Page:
Before Preston Winn took over as chair of the agriculture department at Blue Mountain Community College, he began his teaching career at Hermiston High School in 1978. At the time, he said local farmers used flood irrigation to grow famous Hermiston watermelons, producing around 3-5 tons per acre.

Today, Winn said those same farmers are now using one-third the amount of water to grow 10 times as many melons, thanks to advances in precision irrigation — the fine art of watering crops in just the right place at just the right time.

“Water is very, very valuable, second only to the value of human life,” Winn said as BMCC cut the ribbon Thursday on its new Precision Irrigated Agriculture Center. “The need is there for having an educated workforce that can utilize water appropriately.”

That’s precisely what the Precision Irrigated Agriculture program is designed to do, teaching students how to operate and maintain technology such as soil moisture monitors, variable rate sprinklers and drones capable of surveying fields with infrared cameras to detect where and how much water is needed.

“What they learn is how to manage our precious resource of water, and place that resource where it needs to be, when it needs to be,” Winn said.

The Precision Irrigated Agriculture Center is one of three new facilities paid for by the $23 million BMCC capital construction bond approved by voters in 2015. The building is located on the campus of Oregon State University’s Hermiston Agricultural Research and Extension Center, which is home to 15 center-pivot systems.

Classes will begin at the new building in the fall, Winn said, and students will have the chance to work hands-on with equipment at the experiment station through the college’s partnership with OSU.

“There’s no other program like this that I’m aware of in Oregon,” Winn said.

In fact, there may be no other program like this in the world, according to Fred Ziari with IRZ Consulting in Hermiston.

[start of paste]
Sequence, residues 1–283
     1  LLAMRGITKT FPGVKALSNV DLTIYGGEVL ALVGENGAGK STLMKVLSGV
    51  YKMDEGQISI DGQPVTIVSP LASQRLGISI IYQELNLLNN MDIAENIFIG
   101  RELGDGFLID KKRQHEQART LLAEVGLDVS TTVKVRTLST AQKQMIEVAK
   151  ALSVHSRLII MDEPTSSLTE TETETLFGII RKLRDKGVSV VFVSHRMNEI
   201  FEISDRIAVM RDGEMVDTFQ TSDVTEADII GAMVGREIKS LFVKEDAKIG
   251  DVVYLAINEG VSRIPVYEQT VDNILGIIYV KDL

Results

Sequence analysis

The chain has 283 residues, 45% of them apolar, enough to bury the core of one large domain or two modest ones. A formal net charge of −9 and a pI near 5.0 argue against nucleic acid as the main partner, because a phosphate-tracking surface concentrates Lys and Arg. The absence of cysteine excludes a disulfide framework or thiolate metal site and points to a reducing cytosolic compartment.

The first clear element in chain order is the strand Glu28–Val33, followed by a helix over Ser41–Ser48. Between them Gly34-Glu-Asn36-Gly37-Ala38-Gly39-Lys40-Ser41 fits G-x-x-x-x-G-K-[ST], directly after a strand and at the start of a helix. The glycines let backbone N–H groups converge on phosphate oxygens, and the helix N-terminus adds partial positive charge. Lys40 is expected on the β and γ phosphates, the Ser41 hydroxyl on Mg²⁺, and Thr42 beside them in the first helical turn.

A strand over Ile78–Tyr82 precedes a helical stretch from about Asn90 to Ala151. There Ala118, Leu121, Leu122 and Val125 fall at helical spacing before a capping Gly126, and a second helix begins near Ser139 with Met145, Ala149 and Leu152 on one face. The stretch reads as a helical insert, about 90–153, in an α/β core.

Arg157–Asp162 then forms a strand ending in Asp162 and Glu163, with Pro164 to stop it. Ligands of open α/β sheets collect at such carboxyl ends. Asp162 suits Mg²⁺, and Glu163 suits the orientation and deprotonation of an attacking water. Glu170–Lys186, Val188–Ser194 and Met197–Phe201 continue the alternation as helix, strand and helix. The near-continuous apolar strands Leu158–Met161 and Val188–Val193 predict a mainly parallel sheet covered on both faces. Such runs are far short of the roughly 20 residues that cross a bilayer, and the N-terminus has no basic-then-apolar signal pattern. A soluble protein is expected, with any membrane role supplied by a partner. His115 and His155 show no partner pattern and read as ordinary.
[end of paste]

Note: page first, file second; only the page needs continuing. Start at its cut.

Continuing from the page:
Ziari’s company specializes in helping farmers adopt precision irrigation practices, though he said the development of new technology has outpaced the ability for companies to find qualified experts in the field. Ziari said he approached BMCC seven or eight years ago about developing a curriculum to train the next generation of tech-savvy farmers.

“I can see, with a little bit of effort, that this can become a global center for teaching irrigation technology,” he said. “There’s no place like this.”

The Precision Irrigated Agriculture Center is the second of three BMCC bond projects to be completed this year. The first, the Workforce Training Center in Boardman, celebrated its grand opening in April. It houses the college’s industrial systems and data center programs.

The bond is also funding the new Facility for Agricultural Resource Management, or FARM, on the BMCC Pendleton campus. President Cam Preus said the college should be ready to unveil that building by late September.

Rather than build the Precision Irrigated Agriculture Center next to BMCC’s other Hermiston facilities, it was located at the Hermiston agricultural experiment station through a long-term lease with OSU. Phil Hamm, who directs the station south of town, said they are already using the same irrigation equipment that farmers use commercially in their fields, meaning students will leave the program ready to jump right into the local workforce.

“This is just a tremendous opportunity for OSU and BMCC to partner and provide something that’s never been done before,” Hamm said.

Ziari said he is already looking forward to hiring the program’s first graduate.

“Precision irrigation has been growing dramatically throughout the U.S.,” Ziari said.“This is a great opportunity for students to learn knowledge that is globally in need.”


Contact George Plaven at or 541-966-0825.

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